By Sharon Aron Baron
An impact fee bill co-sponsored by State Rep. Dan Daley, D-Coral Springs, was signed into law on June 4, favoring developers over municipalities.
As a former city commissioner, four-time Home Rule Hero with the Florida League of Cities, and former President of the Broward League, Rep. Daley was recognized for making extraordinary efforts to protect cities’ home rule authority. But House Bill 337 favors developers’ interests over the cities he used to protect.
Representing Coral Springs, Tamarac, Sunrise, and Plantation, Rep. Daley was a commissioner from 2012-2019 and served as the city’s vice-mayor. He is also the general counsel for 13th Floor Investments — a developer who buys golf courses and builds residential dwelling units on them.
While Rep. Daley isn’t shy about promoting his accomplishments, he didn’t tout this particular victory to his constituents.
As one of 11 co-sponsors of House Bill 337, and one of only two Democrats, the bill prevents impact fees from increasing more often than once every four years and caps increases at 50 percent.
The bill was approved 94-23 in the House and 28-12 in the Senate.
Included is an exception to the limits if cities have a dire need and meet certain legal criteria; however, the commission would need to hold at least two workshops and approve the increases by at least a two-thirds vote — or a supermajority vote of four when only a simple majority of three is currently needed to raise impact fees.
The new law will be imposed retroactively from January 1, 2021.
In Florida, developers are required to pay governmental bodies fees and costs to offset the impacts of their developments. These fees provide vital services such as schools, parks, roads, ambulance and fire service, water, and sewer hook-ups.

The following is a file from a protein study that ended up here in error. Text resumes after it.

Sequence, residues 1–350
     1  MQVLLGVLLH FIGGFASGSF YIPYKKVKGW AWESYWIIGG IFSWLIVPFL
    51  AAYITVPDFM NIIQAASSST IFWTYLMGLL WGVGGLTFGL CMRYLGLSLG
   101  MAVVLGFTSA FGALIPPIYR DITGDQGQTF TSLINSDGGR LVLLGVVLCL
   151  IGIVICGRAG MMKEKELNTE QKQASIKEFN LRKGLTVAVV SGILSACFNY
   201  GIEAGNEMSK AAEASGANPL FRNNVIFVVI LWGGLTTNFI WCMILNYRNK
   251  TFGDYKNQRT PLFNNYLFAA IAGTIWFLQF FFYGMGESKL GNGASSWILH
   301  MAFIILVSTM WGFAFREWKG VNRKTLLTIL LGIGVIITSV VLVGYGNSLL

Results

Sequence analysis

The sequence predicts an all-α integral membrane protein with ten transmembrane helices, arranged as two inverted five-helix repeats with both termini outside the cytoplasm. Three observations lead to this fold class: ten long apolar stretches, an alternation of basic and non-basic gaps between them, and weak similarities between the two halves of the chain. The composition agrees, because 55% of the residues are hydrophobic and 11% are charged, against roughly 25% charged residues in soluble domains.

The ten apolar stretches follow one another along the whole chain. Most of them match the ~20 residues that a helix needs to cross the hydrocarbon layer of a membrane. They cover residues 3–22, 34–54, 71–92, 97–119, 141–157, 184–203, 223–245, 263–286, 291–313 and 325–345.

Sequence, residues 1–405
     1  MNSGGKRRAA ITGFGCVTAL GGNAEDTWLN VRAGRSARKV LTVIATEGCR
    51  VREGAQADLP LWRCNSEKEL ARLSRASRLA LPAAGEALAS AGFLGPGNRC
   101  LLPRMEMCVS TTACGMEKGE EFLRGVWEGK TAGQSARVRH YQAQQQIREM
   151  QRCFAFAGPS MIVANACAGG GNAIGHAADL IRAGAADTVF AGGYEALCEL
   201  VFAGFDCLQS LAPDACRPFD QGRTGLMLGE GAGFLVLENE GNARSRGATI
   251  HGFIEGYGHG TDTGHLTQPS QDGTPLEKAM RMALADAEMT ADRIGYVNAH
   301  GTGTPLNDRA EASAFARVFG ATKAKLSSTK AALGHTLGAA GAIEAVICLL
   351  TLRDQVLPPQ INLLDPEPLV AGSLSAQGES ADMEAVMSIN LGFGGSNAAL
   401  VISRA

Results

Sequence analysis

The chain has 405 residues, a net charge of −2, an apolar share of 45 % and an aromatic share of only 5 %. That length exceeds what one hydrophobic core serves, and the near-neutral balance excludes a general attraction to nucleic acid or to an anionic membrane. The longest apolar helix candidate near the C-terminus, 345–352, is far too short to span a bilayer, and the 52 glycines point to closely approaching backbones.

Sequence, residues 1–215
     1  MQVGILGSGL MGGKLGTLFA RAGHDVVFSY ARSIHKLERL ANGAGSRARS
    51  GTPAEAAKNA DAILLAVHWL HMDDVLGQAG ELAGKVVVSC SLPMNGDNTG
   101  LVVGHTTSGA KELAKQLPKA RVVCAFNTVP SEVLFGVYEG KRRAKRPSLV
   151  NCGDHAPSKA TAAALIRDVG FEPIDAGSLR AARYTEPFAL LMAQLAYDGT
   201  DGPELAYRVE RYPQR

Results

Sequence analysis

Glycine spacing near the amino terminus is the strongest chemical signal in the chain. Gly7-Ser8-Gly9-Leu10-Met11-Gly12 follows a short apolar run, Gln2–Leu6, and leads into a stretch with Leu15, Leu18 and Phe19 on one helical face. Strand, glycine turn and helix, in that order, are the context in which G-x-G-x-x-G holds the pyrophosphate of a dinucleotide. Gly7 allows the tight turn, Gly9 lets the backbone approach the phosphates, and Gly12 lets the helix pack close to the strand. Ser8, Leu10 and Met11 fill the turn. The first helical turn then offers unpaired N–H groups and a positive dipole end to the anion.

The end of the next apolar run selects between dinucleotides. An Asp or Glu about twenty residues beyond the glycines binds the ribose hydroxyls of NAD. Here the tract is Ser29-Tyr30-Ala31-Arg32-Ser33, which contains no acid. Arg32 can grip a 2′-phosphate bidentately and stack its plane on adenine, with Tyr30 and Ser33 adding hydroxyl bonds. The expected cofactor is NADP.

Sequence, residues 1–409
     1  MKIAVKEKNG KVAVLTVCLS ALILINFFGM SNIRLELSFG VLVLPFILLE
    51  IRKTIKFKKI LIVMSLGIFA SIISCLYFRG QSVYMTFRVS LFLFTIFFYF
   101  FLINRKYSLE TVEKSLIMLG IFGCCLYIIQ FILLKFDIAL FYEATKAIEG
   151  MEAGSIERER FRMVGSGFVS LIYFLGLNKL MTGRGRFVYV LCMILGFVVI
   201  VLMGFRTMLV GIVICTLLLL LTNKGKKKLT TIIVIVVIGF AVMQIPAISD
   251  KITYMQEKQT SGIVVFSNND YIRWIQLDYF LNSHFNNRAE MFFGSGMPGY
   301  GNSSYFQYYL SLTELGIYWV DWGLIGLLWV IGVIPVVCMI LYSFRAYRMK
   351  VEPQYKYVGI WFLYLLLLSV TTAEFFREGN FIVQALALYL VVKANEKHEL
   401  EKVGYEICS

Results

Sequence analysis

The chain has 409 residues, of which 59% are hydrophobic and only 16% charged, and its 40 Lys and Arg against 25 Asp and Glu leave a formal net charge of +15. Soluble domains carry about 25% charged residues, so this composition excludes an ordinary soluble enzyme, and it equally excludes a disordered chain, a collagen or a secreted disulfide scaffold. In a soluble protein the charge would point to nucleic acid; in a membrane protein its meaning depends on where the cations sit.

Impact fees are prevalent in low-tax states like Florida.
For example, when there are suddenly more cars on the road resulting from new construction, the developers traditionally are charged the cost of widening roadways, adding turn lanes, and paying for street lights and other infrastructure, among other things.
This new law conflicts with the home rule authority of cities. It imposes several new requirements for a municipality to collect impact fees from developers and limits impact fee increases to no more than once every four years.
Rep. Daley explained the bill doesn’t necessarily limit impact fees. “Just puts a reasonable cap on how quickly they can be raised and what those dollars can go to.”
These new requirements in Rep. Daley’s bill shift the costs and fees from the developers to the average working family because if the infrastructure required to mitigate the impact of a proposed development costs more than the impact fees collected, current property owners will pay the price.
The new law allows predictability in budgeting for the developers, he said.
“If a city raises an impact fee schedule by 100 percent, 300 percent, two or three years into a redevelopment project that’s not budgeted for, that’s where the cost gets passed on directly to the consumer. [With this bill] They’re able to budget for it.”
The changes will make it “virtually impossible for local governments to require that new development pays its own way,” 1000 Friends of Florida said in an email to supporters on Thursday.
“Existing residents will shoulder even more of the costs associated with new development through raised taxes, declining roads, parks, and other public infrastructure, or both,” the email said.
The Florida League of Cities, which annually recognizes city officials, such as Rep. Daley as Home Town Heroes, for making an extraordinary effort to protect cities’ home rule authority, opposed this bill.
State Rep. Christine Hunschofsky, and former mayor of Parkland, voted no on House Bill 337 because it ties a city’s hands to how much they can charge developers regardless of the impact from the proposed development.
“The City of Parkland contracted with a company who did a study — establishing impact fees is all data-driven,” she said. “[This bill] affects our parks, our libraries.”
According to Rep. Hunschofsky, “[this law] is not helpful to cities because it’s tying their hands as to how much they can charge developers for the impact development has on the city — development should pay for itself and this legislation limits a city’s ability to do this.”
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